Most of my experiences are good,” Komi said. “I’m happy the residents understand the importance of face masks at MECA. Because in some other places, residents don’t care; they make work difficult for management. I’m very proud of our management; you fought hard! God bless us all.”

Added another maintenance man, “I’ve been using much more bleach and disinfectant. And, I have to use extra protective equipment, but it’s very difficult because I sweat tremendously, so my eyes are constantly burning. Social distancing is very hard because I’m a very social person.”

Our front desk staff is our building’s first line of defense, with our doormen as first responders who need to be extra vigilant and careful, and the yellow “police tape” delineating an area with a six-foot distance from the desk. Michael Morrow speaks for all of the doormen when he describes his new reality:

During the pandemic, we at the front desk have been repetitively sanitizing the desk and phone and everything we touch while working, including the keys distributed to the residents when they’re returned. Periodically I wipe down the grocery and valet carts after they’ve been used when I notice a resident fails to do so.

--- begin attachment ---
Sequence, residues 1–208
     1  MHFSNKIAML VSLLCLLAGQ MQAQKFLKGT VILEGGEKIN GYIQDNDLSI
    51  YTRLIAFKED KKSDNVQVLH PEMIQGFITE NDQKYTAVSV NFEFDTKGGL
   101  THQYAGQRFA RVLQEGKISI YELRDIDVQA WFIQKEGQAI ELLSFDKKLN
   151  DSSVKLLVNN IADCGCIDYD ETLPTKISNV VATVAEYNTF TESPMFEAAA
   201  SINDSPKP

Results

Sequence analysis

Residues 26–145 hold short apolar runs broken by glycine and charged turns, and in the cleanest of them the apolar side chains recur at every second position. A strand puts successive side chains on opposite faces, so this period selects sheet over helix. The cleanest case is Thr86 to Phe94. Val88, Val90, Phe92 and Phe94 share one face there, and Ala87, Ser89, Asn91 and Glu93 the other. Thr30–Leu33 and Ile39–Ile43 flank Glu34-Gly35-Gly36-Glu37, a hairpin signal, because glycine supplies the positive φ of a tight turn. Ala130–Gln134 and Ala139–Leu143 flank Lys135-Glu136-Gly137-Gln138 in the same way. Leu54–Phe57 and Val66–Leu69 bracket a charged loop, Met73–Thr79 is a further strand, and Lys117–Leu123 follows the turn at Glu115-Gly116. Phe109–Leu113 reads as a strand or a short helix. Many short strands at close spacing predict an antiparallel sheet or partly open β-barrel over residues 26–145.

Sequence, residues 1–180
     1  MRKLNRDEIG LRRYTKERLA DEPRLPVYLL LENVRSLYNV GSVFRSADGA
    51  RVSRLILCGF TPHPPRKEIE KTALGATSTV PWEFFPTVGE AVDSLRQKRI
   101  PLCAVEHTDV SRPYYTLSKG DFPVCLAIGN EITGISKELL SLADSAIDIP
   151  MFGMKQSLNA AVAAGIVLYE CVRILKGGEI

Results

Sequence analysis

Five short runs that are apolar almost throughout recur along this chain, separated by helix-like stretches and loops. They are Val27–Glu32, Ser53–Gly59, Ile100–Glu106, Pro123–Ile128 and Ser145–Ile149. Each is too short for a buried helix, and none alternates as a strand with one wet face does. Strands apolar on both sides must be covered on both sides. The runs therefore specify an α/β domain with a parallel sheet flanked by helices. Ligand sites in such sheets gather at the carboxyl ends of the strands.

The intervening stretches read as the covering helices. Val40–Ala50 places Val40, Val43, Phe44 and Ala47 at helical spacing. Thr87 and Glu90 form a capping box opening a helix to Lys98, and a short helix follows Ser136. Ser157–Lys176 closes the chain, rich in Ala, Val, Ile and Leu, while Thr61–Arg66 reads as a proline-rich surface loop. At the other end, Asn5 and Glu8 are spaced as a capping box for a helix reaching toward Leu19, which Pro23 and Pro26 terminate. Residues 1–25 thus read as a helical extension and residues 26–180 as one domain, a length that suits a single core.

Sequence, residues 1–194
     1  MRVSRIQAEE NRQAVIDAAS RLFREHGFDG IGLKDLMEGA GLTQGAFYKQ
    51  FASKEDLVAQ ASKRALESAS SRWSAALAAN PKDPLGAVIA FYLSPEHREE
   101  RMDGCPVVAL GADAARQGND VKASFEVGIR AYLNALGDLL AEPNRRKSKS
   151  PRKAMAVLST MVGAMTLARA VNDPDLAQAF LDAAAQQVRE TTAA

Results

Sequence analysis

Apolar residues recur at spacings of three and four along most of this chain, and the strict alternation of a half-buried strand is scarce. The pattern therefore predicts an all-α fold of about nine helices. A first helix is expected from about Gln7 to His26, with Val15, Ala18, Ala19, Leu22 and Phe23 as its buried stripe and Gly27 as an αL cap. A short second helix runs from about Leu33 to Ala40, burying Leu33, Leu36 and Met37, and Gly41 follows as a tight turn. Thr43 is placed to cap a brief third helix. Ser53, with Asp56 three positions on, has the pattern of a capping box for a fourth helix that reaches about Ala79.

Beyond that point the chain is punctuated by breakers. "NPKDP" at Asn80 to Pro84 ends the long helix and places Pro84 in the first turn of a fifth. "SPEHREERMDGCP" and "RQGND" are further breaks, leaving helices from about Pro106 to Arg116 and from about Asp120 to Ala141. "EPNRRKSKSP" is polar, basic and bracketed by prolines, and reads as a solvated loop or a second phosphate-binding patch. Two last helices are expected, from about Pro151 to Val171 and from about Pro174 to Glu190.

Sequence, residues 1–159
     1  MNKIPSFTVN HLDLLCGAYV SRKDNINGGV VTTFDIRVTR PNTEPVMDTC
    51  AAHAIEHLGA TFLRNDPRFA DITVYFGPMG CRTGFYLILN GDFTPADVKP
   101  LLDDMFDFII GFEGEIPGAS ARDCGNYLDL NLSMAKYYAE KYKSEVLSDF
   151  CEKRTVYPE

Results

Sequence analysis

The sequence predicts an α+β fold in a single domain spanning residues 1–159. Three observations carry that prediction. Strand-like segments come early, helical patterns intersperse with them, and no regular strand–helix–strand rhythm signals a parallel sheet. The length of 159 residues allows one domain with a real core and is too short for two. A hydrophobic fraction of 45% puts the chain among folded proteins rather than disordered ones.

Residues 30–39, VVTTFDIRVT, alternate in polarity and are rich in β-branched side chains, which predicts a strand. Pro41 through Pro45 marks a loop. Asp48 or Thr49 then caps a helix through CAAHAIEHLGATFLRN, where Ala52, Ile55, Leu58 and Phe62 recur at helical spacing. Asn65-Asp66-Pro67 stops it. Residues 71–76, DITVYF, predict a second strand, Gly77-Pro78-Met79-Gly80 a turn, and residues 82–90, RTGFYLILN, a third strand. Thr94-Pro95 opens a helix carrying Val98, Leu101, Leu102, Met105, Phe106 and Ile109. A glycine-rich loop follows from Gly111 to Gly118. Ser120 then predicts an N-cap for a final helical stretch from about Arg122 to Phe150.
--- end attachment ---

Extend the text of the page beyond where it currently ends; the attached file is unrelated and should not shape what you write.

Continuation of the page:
I do have a face shield at my disposal, but mostly I use masks, which are more comfortable to wear during the entire shift. I also wear and sanitize my gloves to protect myself and others. Most residents, staff and contractors comply with social distancing without being asked, and those who come a little too close are gently reminded to step back.

I think the most important thing residents can do during this frustrating time is to wear a mask at all times in the common areas, especially in the elevators. It’s been proven that mask wearing, washing hands frequently, and practicing social distancing can help to reduce transmission of the virus. Lastly, I appreciate the consideration and positive attitudes shown by many of our residents as we all cooperate to stay safe until after the pandemic subsides.”

Last but not least is the increased workload on our hardworking Receiving Room clerks. What’s been a boon for Amazon and other online merchants, and a great convenience for residents, has stretched our Receiving Room space and regular labor force to the limit.

We are getting twice as many packages than we ever got, and the sizes are much bigger also,” said one of the clerks. “Plus, we have to sanitize packages before we can work them into the system. So, we have residents calling, asking for their package, and we don’t mind checking, but too often we didn’t have the time to get them in the system, as it takes awhile to get them there. We hope that our residents continue to have patience with us – we are doing the best we can.”